Anna Geldard: [00:07:42] It wasn’t kind of unfamiliar for things to be slightly different, and I certainly didn’t pick up on it, and I just didn’t know. I didn’t know that I was old enough. I, in my head, I thought menopause was something happening in your sort of late 50s and I don’t know where I’d got that idea from, but I had no idea at all, which I’m quite… I look back now and I’m quite shocked at. Why didn’t I know? Especially, you know, I was a healthcare professional, I was a nurse, and yet I still, you know, I really didn’t know. And I thought it was all about having these terrible hot flushes. So when I got to, you know, late 50s I was going to have all these hot flushes, my periods would stop and that would be that. I had no idea it could affect your mental health. So I, I just got worse and it was just awful. And I was so unwell in the end, I got into bed and decided I wasn’t getting up and I didn’t get out of bed for three weeks. By that point I was on a lot of medication. They started a second antidepressant, quetiapine, so antipsychotic. And then I saw a different consultant because I thought the consultant I’d seen didn’t know enough about OCD. So I thought, I know what, I’ll find a consultant who specialises in OCD because I sort of thought that was where the real issues were coming from. So I saw a second consultant, and interestingly, she was a menopausal-aged woman, and she didn’t say anything about hormones at all either. I think she changed the medication again. And then I saw a third consultant psychiatrist because I saw the person that I’d seen originally who diagnosed me. And when this had all started to happen, he wasn’t available, he had like a year waiting list or something. And out of the blue he emailed me to say that he could see me as an emergency if I wanted to. So I said, Oh, brilliant. You know, I finally got the real expert. So I saw a third consultant psychiatrist and he decided I needed to be admitted to hospital. So I got admitted to hospital. It was a private hospital and I don’t necessarily know I would have got admitted in the NHS. But I was very unwell, I couldn’t get out of bed. I’d been in bed three weeks by that point, my brain was just completely switched off. I just couldn’t focus on anything. I didn’t want to see my kids. My kids are everything to me, like they’re so important to me, and I didn’t even want to see them. I just thought, what good am I to them like this? Like. And so, yeah, I was then admitted to hospital. They increased my medication. So by that point I was on six psychiatric drugs. I was on two depressants, antipsychotics, sleeping pills, benzodiazepines and propranolol for anxiety. I couldn’t eat. I lost two stone. My anxiety was… I’d never had anxiety, ever. And I started to develop a tremor. I was shaking, physically shaking. You could see my clothes moving. Yeah, and I just kept saying to them… They kept… There was all this therapy which, you know, private hospitals offer. And they kept saying, you really need to engage in the therapy, you really need to do the therapy. And I kept saying, but I’ve got nothing to say. I really like my life. I love my husband. I love my kids. I’ve got a great life. What am I going to say? And I honestly would sit there, thinking what can I make up that, so I can say something because I don’t know what to say. And when I said, Honestly, I’ve got nothing to say, they would sort of say, Well, you’re not being truthful, are you? You can’t be in a psychiatric hospital if there’s nothing wrong with your life. It just doesn’t make sense. And I was going, Yeah, I know it doesn’t make sense, but that is the situation. And yes, it was just awful. Awful. I can’t describe how low I felt. Like, I didn’t even know it was possible to feel that low. I kept thinking about suicide. And I think, I’ll be honest, the only thing that stopped me was my kids, because I thought I can’t. How can I do that to my children? But even like, the… I remember just sitting and looking at photographs of them to try and get my brain like… I honestly can’t describe this in any other way other than it felt like someone had unplugged my brain because I didn’t have any responses to anything. Like when I watched the television, even, it was just like I couldn’t process what I’m seeing. And I was like, There’s nothing wrong with my eyes, I can see what’s going on, but it doesn’t make any sense to me. Nothing made any sense. And there was this one morning where I felt slightly different and I said to the nurse, My brain feels different. It’s really weird. And he was like that, That’s amazing. You know, the medications are finally kicking in. And it was only a couple of hours and then it just, I just went back. So I wonder now what, I don’t really know but I’d obviously had some sort of change. So basically they discharged me and I wasn’t any better. I was only discharged because they discharge you if you can’t afford to self-fund, your insurance will only cover you for a month. So they discharged me and I was in the same position I was when I went in, only on a lot more medication. So, yeah, after I got home, my psychiatrist increased my drugs again. So I was on something that’s completely off licence in the UK and on a very, very high dose. And I did become functional. So I think I must, I definitely must have improved to a certain degree in that I was, you know, I wasn’t in bed anymore. I was looking after the kids and stuff, but I felt so flat. I felt like I was never going to know what the emotion happy was like. I just thought, I’m never going to feel happy. I don’t know what it feels like. I can’t remember. I couldn’t remember what it felt like to want to do anything, to have any motivation in your day or to enjoy any activities. I was just going through the ropes, just looking after the kids. And I was really emotional, couldn’t stop crying, which I hadn’t been. You know, when I was very, very low, I couldn’t even cry because I was that low. But then at this point, I was just endlessly crying. And a lot of the time I didn’t know what I was crying about. And I just kept saying to my husband, I don’t feel like me, I don’t feel like me. I’m just, who am I? It’s just not me? I’m quite a confident person. I’m quite, I’ve got quite strong opinions, and I lost all of that. I was just literally clinging on to him and it was really like, slow, really that the penny kind of dropped. So I’d been unwell, it was coming up to a year, and there was a couple of things. I had a couple friends that said to me, so one of them said to me, You need to watch the Davina documentary. Actually, I was in hospital and I watched that. I sat and watched that from the hospital bed. And even then I thought, Oh, I don’t think this is me. But that’s interesting because I didn’t obviously know a lot of the information that was in it, and it was a very slow, kind of, the penny dropping. I think another friend told me about you, and tagged me in your posts. And then, I found your podcast and I listened to, I think it might have been the first episode when you were with Rebecca Lewis and you were talking about mental health aspects of perimenopause. And you said, or either you or Rebecca said, The thing is, you’ve got oestrogen receptors in your brain and it can affect your neurotransmitters, your serotonin and your dopamine. And I was just like, Oh my God, what, maybe this could be part of the picture for me. I’m 45. I never thought for a minute it could be the whole thing, but I just thought, what if it’s contributing? I decided to go and see a nurse privately. I emailed my psychiatrist to ask him what he thought because I thought, Oh, you know, I’m on all this medication. I’m on six medications already. I’m quite scared about possibly taking HRT as well because what if it makes me worse, you know, something that can affect your mood. So I thought, well, I need him to be on board with this and to kind of oversee everything. And he just wasn’t interested at all. He told me that menopause has a nonspecific effect on mental health and yeah, he clearly didn’t want to be involved. And so I thought, okay, what do I do? I don’t want to just go and see a GP that may not have lots of education and knowledge. I want to see a sort of an expert. And I was really lucky I found a nurse in my area that does, she runs a clinic by herself. And she was amazing. Absolutely amazing. She had a three or four month waiting list, but I emailed her and told her my story and she emailed me straight back, like within an hour, and she said, I’ll fit you in. And she saw me within about a week. And she was amazing. And she said to me, You struggled with postnatal depression. There is a kind of a link. It’s really going to be worth giving you a try. With HRT, you know, you’ve got nothing to kind of lose and see how you go. And she started me on a 50 mcg oestrogen patch. And I can honestly say it made a difference within a week. I’m not, you know, I wasn’t kind of like springing out of bed thinking, you know, I feel great, I’m amazing, I’m back to my old self. It was slow, but within a week I felt like the blood was flowing in my brain and I felt like I had energy. And I didn’t even know that I hadn’t had energy before that, you know, I hadn’t… If you’d have said to me, Do you feel unwell physically? I would have just said, No, I’m alright. But when I suddenly thought, My God, I’ve got energy, I feel. And I just started to feel like something was making a real difference. And it was slow and I struggled with the progesterone. So I found that when I went on the progesterone weeks, I would gain be tearful again. And she was amazing again, like, it was actually at Christmas time and I think I emailed her in a panic, on the 26th or 27th, thinking she won’t reply, but when she gets back in the office in January, she’ll contact me then. She emailed me back within the hour, saying, try it vaginally, the Utrogestan. So yeah, I sort of slowly overcame those sort of hurdles and I would say to make a massive difference it took three months. And to feel 100% my old self, it was six months. But now I’ve been on HRT for almost 18 months and I’m off almost all the psychiatric drugs.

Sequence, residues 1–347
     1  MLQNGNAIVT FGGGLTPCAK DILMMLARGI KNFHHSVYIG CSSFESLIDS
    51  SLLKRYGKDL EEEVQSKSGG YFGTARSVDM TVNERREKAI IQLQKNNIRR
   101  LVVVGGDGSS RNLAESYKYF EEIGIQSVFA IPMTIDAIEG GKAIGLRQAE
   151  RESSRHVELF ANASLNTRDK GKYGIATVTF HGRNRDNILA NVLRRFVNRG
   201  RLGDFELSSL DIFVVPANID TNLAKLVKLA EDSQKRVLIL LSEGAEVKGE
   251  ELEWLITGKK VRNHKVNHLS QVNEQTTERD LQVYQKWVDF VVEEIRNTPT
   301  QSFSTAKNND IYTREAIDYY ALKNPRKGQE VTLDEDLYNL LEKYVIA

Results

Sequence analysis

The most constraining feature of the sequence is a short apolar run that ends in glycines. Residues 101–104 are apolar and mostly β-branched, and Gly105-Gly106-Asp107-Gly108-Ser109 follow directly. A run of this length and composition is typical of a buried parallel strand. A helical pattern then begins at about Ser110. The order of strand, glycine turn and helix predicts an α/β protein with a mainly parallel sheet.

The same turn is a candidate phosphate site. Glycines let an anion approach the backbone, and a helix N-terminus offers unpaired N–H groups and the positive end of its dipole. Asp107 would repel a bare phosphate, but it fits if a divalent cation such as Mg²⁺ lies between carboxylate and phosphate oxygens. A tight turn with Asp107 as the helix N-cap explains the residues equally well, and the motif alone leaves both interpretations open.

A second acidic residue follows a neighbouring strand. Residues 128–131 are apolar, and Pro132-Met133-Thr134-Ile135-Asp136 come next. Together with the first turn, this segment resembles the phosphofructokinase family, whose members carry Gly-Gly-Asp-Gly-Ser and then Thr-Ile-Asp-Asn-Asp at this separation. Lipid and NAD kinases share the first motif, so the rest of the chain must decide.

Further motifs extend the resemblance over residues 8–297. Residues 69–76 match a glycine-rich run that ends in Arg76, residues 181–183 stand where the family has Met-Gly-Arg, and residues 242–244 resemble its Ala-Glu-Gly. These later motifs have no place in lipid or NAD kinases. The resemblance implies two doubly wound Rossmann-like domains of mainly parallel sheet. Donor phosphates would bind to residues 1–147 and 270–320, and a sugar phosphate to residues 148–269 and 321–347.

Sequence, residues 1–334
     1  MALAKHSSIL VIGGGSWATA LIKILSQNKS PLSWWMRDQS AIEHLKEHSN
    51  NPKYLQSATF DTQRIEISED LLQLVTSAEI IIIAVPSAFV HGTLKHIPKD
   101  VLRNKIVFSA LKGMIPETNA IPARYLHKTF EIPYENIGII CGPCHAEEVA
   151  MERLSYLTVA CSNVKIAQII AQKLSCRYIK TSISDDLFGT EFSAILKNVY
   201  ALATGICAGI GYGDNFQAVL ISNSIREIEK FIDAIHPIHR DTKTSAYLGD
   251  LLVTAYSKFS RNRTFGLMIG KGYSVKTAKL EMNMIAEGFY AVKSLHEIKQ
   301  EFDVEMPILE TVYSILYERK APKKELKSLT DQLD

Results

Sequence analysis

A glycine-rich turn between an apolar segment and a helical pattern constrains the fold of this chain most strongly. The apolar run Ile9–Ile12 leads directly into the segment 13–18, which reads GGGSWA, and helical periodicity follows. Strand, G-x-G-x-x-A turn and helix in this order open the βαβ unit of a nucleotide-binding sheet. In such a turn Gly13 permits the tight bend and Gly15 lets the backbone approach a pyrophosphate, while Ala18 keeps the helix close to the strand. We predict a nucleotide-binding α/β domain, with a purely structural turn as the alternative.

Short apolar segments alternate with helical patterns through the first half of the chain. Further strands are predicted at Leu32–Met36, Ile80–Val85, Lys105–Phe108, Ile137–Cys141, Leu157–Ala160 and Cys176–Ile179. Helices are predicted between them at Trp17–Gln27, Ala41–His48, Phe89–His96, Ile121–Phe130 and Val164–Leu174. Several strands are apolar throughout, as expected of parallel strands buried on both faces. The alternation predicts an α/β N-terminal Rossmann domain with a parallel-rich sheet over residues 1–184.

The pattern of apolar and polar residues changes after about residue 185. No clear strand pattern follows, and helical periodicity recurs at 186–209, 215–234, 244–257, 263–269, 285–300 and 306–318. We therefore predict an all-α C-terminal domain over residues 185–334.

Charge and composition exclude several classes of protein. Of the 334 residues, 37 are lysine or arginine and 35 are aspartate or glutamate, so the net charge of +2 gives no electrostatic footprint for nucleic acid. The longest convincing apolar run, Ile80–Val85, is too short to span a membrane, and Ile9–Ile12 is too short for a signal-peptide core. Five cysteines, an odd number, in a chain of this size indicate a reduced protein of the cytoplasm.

Dr Louise Newson: [00:17:56] Which is quite something, isn’t it? And yeah, it’s a very powerful story and obviously I’ve let you talk a long time because it’s really important to get the context of everything. And we see a lot of women similar to you in my clinic and the first time I heard a similar story, in fact, it was a lady I’d only had my clinic, I was working on my own and she came up from Essex and her parents had driven her up because she couldn’t drive. She was housebound. She had had, similar to you, really horrendous experience and she was on lots of antipsychotic medication, antidepressants, really feeling dreadful. And she had a history of postnatal depression as well. And she was 54. So it was almost easier than it was with you because she had no periods, she had a few hot flushes, she had some muscle and joint pains and she had some vaginal dryness. So I remember looking at her and saying, Well, I have no idea, I’ve never seen anyone who’s had this amount of psychiatric illness due to their hormones. But what I do know is that you’re menopausal, and I do know that there are benefits for your bones and your heart for taking HRT, and it might help some of your flushes and so forth. So I said, I’m happy to give you some HRT to try. And she came back, three months later and she actually came in and she was wearing this flowery jumpsuit. And I looked at her and I looked at the name and I thought, This must be a different person, I’ve called the wrong patient in. And I said, Oh, how did you get here today? She said, Oh, I just drove up from Essex. I said, Oh, but what? I was so confused because I’ve never seen such transformation so quickly, I think in anything else I’ve done in medicine. And she said, like you, she said, within a week I started to sleep. I started to feel different. My brain started to come back. And after three months she wasn’t completely better, but she was significantly better and had started to reduce some of her medication. And it was after her, I thought, I’m going to read more evidence, read more information about the power of hormones in our brains. And we have oestrogen and testosterone and progesterone receptors in our brains, all over our brains. And there’s a reason that they’re there because these hormones can help with the way we think, the way we function. All our other neurotransmitters work as well. And it’s very frustrating that people don’t know that and don’t understand. And there’s this real divide in medicine that the psychiatrists often don’t know much about the menopause because they’ve not been taught about and they don’t think about these hormones in our brains. And gynaecologists often don’t see people who are psychiatrically unwell because they don’t go to gynaecological clinics. In general practice obviously we see both. And in my menopause clinic I often see women who are more extreme with their symptoms, especially psychological symptoms. But there is this whole reproductive depression, we call it. But women who have had postnatal depression often have PMS [premenstrual syndrome] or PMDD can find that their perimenopause is worse. And we are doing some research at the moment. We’re funding a PhD student, looking at how we can pick up women early and work out, what is it that features that suggests that it’s more related to hormones rather than a psychiatric condition? Because the sooner we can consider hormones and manage women with hormones. The concern for me is that a lot of women are being given unnecessary medication like indeed you had and it’s a significant chunk of not just your life, but for your children and your partner and your friends around you, for something that might have been mitigated otherwise. And we know that in the perimenopause, often symptoms are worse. And it’s probably the changing hormone levels because you were still producing hormones, of course, because you were having your periods. And one of the things that we’re looking at, is it more that it’s the testosterone that dropped or is it more that the oestrogen has dropped or is it the changing hormone levels? And there’s so many things we don’t know but what we do know, is that HRT is safe, but there are different doses as well. So some women do respond to lower doses. But there is some evidence that when women have psychiatric or psychological symptoms, they do need higher doses to get in through the blood brain barrier into the brain. So obviously the HRT goes into the bloodstream, but it’s got to go from the bloodstream into the brain to work on the brain symptoms. And some people do need higher doses to get into the brain to function. So it’s really important, as you know, that the dose is changed according to an individual’s symptoms, and it is very individualised. But sometimes not having the right dose can only enable people to be partially rather than fully better.